The patients received no premedication prior to the study. Propofol was obtained from the same AstraZeneca Pharmaceuticals European production line, and the same study protocol was strictly implemented in both countries. A propofol DiprifusorTM (software version 2) was used that incorporated the Marsh pharmacokinetic model.9 A target-controlled infusion was started after the patients’ anthropometric data were entered. In all patients, the Diprifusor Cp was set to reach a target of 5 μg·mL−1 gradually over five minutes by initially setting the target at 1 μg·mL−1 and increasing the target by 1 μg·mL−1 increments every minute. Thus, the estimated Cp variation with time was the same for all patients. The exit rate constant out of the effect site (keo) was set at 0.26 min−1 to obtain effect-site concentrations (Ce). After 5 min, the estimated Cp was maintained at 5 μg·mL−1 with no further changes. To eliminate differences in the observers’ approaches to LOC, we used a consistent set of identical verbal commands in the respective languages. With a gentle tap on the shoulder every ten seconds, patients were asked whether they were still awake until a score of one was reached on the Observer’s Assessment of Alertness and Sedation (OAA/S) Scale, i.e., no eyelash reflex and no response to verbal commands, which defined LOC.5 The patients’ lungs were ventilated via a facemask. Digitized BIS values, estimated Cp, and predicted Ce were collected continuously and stored on a laptop computer for the duration of the study. Stable BIS values that showed no further decline and remained within ± 5 of the previous BIS value were considered an indicator of a steady state propofol concentration. A remifentanil infusion of 0.1-0.3 μg·kg−1·min−1 was then started, and rocuronium 600 μg·kg−1 was administered for tracheal intubation, which marked the end of our study recording period. The BIS values showing artifacts, which are very clearly displayed as such in the off-line format, were identified and eliminated in the off-line analysis. Patients were warmed using a forced hot-air blanket, and mean arterial pressure and heart rate were recorded continuously.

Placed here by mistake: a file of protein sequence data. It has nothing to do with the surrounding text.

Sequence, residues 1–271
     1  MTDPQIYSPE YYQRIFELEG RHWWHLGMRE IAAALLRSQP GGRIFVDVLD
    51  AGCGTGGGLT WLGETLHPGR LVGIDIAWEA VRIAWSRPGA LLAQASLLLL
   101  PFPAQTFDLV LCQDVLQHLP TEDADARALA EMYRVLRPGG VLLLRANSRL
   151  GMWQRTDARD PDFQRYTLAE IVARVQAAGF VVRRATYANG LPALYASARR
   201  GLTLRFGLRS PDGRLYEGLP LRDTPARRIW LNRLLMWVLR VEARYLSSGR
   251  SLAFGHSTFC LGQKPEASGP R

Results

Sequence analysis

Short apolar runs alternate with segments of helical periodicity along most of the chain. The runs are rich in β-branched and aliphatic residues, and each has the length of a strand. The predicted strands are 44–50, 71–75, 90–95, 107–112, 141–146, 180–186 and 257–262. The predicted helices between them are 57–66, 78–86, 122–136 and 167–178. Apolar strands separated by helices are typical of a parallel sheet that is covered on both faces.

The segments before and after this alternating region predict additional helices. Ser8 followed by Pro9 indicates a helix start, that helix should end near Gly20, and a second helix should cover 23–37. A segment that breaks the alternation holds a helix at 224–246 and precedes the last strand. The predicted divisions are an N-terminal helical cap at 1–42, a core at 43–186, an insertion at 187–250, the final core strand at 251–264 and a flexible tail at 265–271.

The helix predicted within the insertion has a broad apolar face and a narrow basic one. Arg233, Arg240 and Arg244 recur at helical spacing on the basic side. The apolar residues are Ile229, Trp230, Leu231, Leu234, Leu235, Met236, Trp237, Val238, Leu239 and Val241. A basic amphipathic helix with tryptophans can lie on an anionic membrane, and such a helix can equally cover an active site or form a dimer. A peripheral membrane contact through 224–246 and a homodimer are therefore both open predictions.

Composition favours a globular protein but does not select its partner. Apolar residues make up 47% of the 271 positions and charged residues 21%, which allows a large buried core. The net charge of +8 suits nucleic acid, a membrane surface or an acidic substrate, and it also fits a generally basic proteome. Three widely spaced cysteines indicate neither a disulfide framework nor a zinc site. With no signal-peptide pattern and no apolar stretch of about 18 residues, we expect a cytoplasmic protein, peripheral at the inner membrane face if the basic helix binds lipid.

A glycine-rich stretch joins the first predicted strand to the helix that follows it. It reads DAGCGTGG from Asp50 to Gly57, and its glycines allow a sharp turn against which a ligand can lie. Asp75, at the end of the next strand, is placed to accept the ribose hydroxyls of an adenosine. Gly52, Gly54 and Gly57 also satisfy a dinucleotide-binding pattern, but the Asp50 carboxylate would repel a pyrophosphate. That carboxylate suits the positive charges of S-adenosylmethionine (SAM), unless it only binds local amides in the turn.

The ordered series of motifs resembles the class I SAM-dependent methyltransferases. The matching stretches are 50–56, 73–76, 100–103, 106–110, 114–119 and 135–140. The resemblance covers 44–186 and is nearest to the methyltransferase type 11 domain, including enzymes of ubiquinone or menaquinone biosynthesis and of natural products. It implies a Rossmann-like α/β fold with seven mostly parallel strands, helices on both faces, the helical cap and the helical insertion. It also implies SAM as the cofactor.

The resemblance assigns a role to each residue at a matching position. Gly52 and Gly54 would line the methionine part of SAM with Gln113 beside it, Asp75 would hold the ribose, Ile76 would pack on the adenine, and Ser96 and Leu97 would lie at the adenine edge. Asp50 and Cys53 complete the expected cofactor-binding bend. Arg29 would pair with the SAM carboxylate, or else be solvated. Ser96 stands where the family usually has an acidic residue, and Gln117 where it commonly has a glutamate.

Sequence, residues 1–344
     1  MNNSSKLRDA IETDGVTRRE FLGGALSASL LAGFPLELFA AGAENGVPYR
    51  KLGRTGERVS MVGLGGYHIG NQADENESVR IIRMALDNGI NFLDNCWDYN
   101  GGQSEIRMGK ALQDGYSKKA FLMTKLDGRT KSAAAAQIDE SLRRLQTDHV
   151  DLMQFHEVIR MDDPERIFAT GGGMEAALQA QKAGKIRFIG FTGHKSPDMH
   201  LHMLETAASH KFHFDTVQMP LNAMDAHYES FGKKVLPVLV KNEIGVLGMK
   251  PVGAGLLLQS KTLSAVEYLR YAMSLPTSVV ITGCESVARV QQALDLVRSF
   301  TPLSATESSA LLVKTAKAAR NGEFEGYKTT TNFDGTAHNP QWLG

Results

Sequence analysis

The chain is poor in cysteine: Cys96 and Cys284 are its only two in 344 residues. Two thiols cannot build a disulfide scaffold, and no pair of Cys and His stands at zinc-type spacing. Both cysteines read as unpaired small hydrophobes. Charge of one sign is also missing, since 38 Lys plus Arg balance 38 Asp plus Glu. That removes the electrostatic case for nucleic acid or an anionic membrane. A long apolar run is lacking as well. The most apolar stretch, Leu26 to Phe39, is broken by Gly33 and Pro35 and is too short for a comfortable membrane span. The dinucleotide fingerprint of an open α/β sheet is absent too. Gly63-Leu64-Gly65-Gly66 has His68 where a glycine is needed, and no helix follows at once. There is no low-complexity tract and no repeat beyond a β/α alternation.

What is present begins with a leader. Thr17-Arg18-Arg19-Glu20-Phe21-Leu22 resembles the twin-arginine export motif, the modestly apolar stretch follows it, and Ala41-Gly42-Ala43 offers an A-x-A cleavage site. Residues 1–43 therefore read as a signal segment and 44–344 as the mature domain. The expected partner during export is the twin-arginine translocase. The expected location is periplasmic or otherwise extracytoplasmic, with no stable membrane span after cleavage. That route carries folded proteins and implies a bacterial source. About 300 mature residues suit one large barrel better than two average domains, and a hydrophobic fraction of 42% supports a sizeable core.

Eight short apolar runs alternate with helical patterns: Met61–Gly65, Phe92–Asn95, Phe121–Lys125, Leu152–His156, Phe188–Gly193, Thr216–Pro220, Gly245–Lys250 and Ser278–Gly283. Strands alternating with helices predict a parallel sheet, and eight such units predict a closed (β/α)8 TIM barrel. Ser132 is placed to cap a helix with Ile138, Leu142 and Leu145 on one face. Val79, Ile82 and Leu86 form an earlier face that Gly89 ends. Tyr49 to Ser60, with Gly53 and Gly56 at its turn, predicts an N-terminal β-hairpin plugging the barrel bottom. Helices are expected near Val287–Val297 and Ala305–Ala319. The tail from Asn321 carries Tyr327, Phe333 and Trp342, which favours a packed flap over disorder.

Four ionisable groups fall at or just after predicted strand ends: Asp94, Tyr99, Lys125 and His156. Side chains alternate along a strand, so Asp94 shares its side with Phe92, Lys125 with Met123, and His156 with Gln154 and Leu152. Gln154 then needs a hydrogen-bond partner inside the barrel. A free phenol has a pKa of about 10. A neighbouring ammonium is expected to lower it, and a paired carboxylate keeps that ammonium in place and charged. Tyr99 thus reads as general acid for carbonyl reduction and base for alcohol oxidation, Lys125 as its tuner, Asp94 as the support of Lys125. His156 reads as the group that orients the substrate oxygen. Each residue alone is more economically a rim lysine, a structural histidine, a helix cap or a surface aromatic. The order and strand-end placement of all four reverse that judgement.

Our primary outcome measurement was Emax (lowest BIS value at estimated Cp = 5 μg·mL−1). We performed an interim power analysis Student’s t test (α = 0.05) based on the first ten Austrian pilot patients who were included in the final analysis, which indicated a mean BIS Emax of 54.8 ± 6.4 compared with 43.2 ± 2.6 for ten Chinese patients. This result showed that a group size of 25 patients would be required to reveal a statistically significant difference between the two groups with > 90% power.
We used repeated measures analysis of variance (ANOVA) to compare parameter differences over time (group and time factors), and we used Dunnett’s two-sided multiple comparison post hoc test to compare BIS values at different propofol estimated plasma concentrations. Data were expressed as means ± SD, with P < 0.05 considered statistically significant.
Austrian and Chinese patients’ demographics
39 ± 10
43 ± 9
66 ± 14
62 ± 10
169 ± 10
163 ± 6
23.1 ± 2.9
23.5 ± 3.4
Time to loss of consciousness, propofol estimated plasma concentration, predicted effect site concentration, and bispectral index at loss of consciousness in the Austrian and Chinese patients
Time to LOC (min)
3.9 ± 0.5
2.8 ± 0.6
Propofol Cp TCI at LOC (μg·mL−1)
4.6 ± 2.8
3.3 ± 0.8
Propofol Ce TCI at LOC (μg·mL−1)
2.4 ± 1.5
1.6 ± 0.4
BIS at LOC
62.9 ± 9.8
59.9 ± 13.8
Before induction, the mean arterial pressure was greater in the Chinese patients than in the Austrian patients (99 ± 15 mmHg vs 90 ± 14 mmHg); however, after induction, there was a similar decrease with time in both groups to 90 ± 15 mmHg vs 80 ± 15 mmHg, respectively (two-way ANOVA). Heart rate was almost identical in the Chinese and Austrian groups both before and after induction (77 ± 16 beats·min−1 vs 76 ± 12 beats·min−1, respectively, and 74 ± 14 beats·min−1 vs 75 ± 10 beats·min−1, respectively).
Using a similar estimated Cp based on the Marsh pharmacokinetic model, which incorporates patients’ age, weight, and height, we demonstrated that Chinese patients lost consciousness 1.1 min earlier than their Austrian counterparts. This result corresponds with an estimated propofol Cp that was 0.8 μg·mL−1 lower. Interestingly, patients of both groups lost consciousness at similar BIS values. This could be interpreted either as Chinese patients responding more to the same estimated propofol concentration as their Austrian counterparts (a pharmacodynamic explanation), or as Chinese individuals achieving a greater propofol plasma concentration following the same Diprifusor infusion (a pharmacokinetic explanation), or a combination of both factors. This issue could be resolved only by measurement of propofol blood concentrations. Irrespective of the true explanation, the Diprifusor concentration settings should be reduced in Chinese patients. The pharmacokinetic model used to drive the Diprifusor was probably erroneous in both populations, because it missed the target BIS value of 40 in both groups (BIS 47 in Chinese patients and BIS 64 in Austrian patients).